Philip Gourevitch is a great journalist and writer and his account of the Rwandan genocide provides much depth and context; I did learn a lot about a region of the world I knew little about beforehand. But for every bit made clear there were so many more frustrating mysteries presented; which gets anguishing. In the book's beginning I was able to follow Hutu violence against Tutsis in Rwanda, but then there were introduced RPFs, UNAMIR, Hundes, interahamwe, genocidaires and not only that, but many of these seemed to alternate who they were victimizing throughout the book. Compounding this confusion is a host of differing world aid organizations and political heads and groups who also have a hand in simultaneously supporting and victimizing Rwandans, both Tutsis and Hutus.
I was constantly side-tracked by insignificant minutiae like what's the difference between ethnically cleansing people and murdering them? Is there really that big a difference between a relief mission and a rescue mission in a situation this hellish? Why does somebody named Jean Girumuhatse have a son named Emanuel Habyarimana? (Habyarimana is the name of one of the depraved political leaders but he doesn't seem related to this Girumuhatse family... )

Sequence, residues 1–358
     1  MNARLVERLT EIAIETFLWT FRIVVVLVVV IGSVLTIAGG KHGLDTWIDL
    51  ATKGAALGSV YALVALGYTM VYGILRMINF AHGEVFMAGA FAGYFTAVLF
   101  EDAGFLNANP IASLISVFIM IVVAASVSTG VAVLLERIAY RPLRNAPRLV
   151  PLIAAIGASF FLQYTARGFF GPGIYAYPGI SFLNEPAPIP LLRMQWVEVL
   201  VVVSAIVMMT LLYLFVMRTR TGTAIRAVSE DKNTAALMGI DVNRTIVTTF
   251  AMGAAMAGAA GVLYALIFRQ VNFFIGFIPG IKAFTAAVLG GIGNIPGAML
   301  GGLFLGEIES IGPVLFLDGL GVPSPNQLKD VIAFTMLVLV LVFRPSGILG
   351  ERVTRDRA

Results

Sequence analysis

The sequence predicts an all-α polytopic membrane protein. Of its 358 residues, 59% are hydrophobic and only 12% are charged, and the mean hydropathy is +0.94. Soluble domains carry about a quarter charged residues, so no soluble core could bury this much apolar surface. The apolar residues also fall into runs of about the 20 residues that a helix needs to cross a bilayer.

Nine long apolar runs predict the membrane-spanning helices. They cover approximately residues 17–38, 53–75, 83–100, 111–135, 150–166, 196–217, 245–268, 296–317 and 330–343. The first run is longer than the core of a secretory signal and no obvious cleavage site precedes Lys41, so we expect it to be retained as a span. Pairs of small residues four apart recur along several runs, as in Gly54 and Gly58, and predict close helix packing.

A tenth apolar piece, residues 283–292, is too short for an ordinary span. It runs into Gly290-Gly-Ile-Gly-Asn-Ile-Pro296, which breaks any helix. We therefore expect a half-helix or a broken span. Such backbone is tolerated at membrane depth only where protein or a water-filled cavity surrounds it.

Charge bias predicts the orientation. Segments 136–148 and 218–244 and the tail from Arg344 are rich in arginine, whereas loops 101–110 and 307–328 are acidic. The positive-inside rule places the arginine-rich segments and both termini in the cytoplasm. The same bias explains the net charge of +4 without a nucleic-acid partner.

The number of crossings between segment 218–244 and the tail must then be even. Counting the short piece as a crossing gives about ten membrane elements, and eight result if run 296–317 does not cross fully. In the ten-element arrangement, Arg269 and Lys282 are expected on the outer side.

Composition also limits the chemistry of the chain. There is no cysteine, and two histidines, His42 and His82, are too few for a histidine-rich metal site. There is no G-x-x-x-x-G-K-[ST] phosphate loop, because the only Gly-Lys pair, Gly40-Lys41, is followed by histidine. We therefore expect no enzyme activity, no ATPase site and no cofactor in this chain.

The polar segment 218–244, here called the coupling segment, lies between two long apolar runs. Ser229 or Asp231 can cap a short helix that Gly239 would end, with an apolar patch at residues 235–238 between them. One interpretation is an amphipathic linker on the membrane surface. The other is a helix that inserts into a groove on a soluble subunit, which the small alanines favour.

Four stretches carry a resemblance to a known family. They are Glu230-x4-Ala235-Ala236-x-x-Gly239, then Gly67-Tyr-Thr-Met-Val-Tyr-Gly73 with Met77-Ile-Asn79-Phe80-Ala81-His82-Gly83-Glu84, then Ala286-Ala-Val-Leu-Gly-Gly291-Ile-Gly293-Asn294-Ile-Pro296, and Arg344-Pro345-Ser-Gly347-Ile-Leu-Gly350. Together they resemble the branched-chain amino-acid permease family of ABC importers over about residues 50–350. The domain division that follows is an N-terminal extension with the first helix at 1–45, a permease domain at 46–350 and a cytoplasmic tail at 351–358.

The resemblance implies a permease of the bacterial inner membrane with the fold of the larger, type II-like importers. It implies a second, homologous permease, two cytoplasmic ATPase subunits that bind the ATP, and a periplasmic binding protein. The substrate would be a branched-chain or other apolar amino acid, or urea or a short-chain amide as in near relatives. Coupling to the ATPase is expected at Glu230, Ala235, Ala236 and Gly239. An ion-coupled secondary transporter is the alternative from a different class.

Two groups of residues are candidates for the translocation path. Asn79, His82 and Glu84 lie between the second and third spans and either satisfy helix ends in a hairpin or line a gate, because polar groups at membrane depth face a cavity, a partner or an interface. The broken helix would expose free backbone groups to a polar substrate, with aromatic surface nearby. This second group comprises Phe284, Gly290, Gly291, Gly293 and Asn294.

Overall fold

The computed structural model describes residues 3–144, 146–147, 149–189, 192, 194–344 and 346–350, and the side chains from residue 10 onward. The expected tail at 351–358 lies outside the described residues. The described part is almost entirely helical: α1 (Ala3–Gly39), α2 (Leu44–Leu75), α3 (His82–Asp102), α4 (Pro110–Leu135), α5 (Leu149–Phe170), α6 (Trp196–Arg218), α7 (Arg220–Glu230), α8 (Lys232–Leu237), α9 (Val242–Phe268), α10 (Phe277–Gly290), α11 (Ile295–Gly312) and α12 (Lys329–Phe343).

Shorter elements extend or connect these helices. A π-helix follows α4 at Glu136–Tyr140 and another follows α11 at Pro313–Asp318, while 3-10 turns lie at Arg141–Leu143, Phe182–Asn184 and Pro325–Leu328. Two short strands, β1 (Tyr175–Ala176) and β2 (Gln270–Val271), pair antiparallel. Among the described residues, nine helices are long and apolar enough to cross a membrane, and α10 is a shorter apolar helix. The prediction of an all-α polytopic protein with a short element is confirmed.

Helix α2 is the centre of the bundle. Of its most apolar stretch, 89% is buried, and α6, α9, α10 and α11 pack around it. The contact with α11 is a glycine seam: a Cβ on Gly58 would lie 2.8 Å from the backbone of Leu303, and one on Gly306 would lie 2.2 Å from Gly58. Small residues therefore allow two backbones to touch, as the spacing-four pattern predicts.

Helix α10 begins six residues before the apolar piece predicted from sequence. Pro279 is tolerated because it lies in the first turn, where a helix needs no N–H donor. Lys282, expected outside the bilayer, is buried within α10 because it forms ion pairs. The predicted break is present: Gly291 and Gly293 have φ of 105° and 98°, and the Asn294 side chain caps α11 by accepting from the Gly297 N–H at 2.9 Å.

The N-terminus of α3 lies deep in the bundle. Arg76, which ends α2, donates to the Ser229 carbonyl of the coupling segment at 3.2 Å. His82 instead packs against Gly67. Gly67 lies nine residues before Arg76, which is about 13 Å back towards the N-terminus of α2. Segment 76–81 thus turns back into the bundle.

Even the format of this book was confusing to me, it's subtitled "Stories from Rwanda" but is not written as a series of separate stories, nor is it a straightforward chronological account, it kind of meanders back and forth. I wanted so badly to understand the situation but failed, and feel frustrated. And, so much of this book is about everybody failing to understand and feeling frustrated.
This was a good book, and extremely well researched. However, there was so much detail, and so much history that I got kind of overwhelmed. It told a lot of Paul's story, the one that Hotel Rowanda, the movie told. That was the best part of the book. The names were quite confusing and hard to read. All in all a good book if you like that sort of thing.